Matador Sunday recap

Guided by Voices, Yo La Tengo, Liz Phair, The New Pornographers, Ted Leo & The Pharmacists, Shearwater, Kurt Vile, Times New Viking, The Clean

Guided by Voices
Photo: Jake Giles Netter
Spencer Patterson and Annie Zaleski

Kurt Vile/Times New Viking/The Clean: That three-band bill looks so good, I'd probably have trouble sleeping the night before such a show came through Vegas. At Matador at 21, it was but the tiniest sliver of a giant, weekend-long musical pie. Beginning at 2:30 p.m. Sunday, the festival's lone matinee event drew a solid crowd to the Palms Ballroom for its first two acts, then packed the place wall to wall for the third.

Times New Viking

Times New Viking

The Clean

The Clean

Kurt Vile, a rising singer/songwriter/guitarist from Philadelphia who's released three albums in two years, kicked off the day's music with his three-piece band, the Violators. The foursome delivered a satisfyingly dense curtain of psychedelically-hued classic-y rock. Really good tunes that sound even better live. If your tastes run toward Springsteen and Neil Young, track down a copy of 2009 Matador disc Childish Prodigy.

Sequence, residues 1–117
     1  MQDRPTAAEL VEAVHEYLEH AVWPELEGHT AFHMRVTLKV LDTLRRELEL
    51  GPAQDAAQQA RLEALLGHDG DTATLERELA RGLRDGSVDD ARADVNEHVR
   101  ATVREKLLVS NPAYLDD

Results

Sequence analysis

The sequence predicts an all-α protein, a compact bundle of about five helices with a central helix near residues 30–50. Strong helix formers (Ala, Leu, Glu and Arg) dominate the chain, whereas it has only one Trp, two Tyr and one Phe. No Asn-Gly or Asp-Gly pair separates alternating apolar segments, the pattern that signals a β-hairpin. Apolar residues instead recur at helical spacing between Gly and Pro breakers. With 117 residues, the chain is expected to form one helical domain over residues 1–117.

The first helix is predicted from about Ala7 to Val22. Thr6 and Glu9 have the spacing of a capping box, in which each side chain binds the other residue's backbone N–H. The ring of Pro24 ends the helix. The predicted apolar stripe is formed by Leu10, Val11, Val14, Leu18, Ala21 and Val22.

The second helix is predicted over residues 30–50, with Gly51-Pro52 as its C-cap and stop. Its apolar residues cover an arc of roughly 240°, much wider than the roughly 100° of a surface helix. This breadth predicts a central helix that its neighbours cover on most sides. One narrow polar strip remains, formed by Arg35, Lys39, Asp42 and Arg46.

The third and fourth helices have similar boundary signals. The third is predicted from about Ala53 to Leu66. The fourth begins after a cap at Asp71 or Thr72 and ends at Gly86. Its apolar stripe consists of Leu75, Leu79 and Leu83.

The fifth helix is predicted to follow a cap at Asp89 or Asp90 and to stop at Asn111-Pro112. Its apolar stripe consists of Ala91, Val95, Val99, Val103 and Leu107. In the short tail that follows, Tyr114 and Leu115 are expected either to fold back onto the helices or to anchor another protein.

Next up: Ohio trio Times New Viking, a band that buries addictive pop hooks beneath layers of wildly messy noise, in the studio and onstage. As is their custom, TNV slammed out two-minute song after two-minute song without coming up for air. The final tally: 19 numbers in 32 minutes. Now that's efficiency. These guys need to come back to town soon.

And then, with the room filled to capacity, The Clean closed it out. I'd like to say the influential New Zealand trio — brothers David (guitar) and Hamish Kilgour (drums) and bassist Robert Scott (bass) — killed it, but the set was something of a mixed bag. Muddy sound plagued the performance, and a back-loaded setlist failed to generate much energy from the crowd early on. But a guest appearance by Yo La Tengo's Ira Kaplan and Georgia Hubley, on a gloriously raucous version of "Don't Point That Thing at Me," seemed to invigorate the Cleansters, and the back half of the set — "Getting Older," "Oddity" and a cover of The Velvet Underground's "I Can't Stand It" found the band shifting into a noticeably higher gear. — Spencer Patterson